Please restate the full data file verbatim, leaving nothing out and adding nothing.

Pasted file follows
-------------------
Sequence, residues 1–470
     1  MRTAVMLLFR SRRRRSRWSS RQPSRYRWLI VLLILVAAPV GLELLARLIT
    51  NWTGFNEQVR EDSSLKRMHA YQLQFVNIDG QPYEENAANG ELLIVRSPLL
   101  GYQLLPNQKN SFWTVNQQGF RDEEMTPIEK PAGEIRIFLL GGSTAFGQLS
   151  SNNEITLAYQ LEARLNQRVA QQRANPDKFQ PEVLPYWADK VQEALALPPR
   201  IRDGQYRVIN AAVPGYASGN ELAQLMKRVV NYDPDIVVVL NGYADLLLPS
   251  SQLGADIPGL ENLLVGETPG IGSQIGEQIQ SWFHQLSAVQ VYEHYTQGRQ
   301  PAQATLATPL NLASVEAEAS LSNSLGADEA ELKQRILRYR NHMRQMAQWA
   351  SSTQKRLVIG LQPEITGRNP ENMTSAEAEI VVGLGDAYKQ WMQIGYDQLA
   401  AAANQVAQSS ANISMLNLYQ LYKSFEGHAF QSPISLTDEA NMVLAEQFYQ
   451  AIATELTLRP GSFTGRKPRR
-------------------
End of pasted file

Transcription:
Sequence, residues 1–470
     1  MRTAVMLLFR SRRRRSRWSS RQPSRYRWLI VLLILVAAPV GLELLARLIT
    51  NWTGFNEQVR EDSSLKRMHA YQLQFVNIDG QPYEENAANG ELLIVRSPLL
   101  GYQLLPNQKN SFWTVNQQGF RDEEMTPIEK PAGEIRIFLL GGSTAFGQLS
   151  SNNEITLAYQ LEARLNQRVA QQRANPDKFQ PEVLPYWADK VQEALALPPR
   201  IRDGQYRVIN AAVPGYASGN ELAQLMKRVV NYDPDIVVVL NGYADLLLPS
   251  SQLGADIPGL ENLLVGETPG IGSQIGEQIQ SWFHQLSAVQ VYEHYTQGRQ
   301  PAQATLATPL NLASVEAEAS LSNSLGADEA ELKQRILRYR NHMRQMAQWA
   351  SSTQKRLVIG LQPEITGRNP ENMTSAEAEI VVGLGDAYKQ WMQIGYDQLA
   401  AAANQVAQSS ANISMLNLYQ LYKSFEGHAF QSPISLTDEA NMVLAEQFYQ
   451  AIATELTLRP GSFTGRKPRR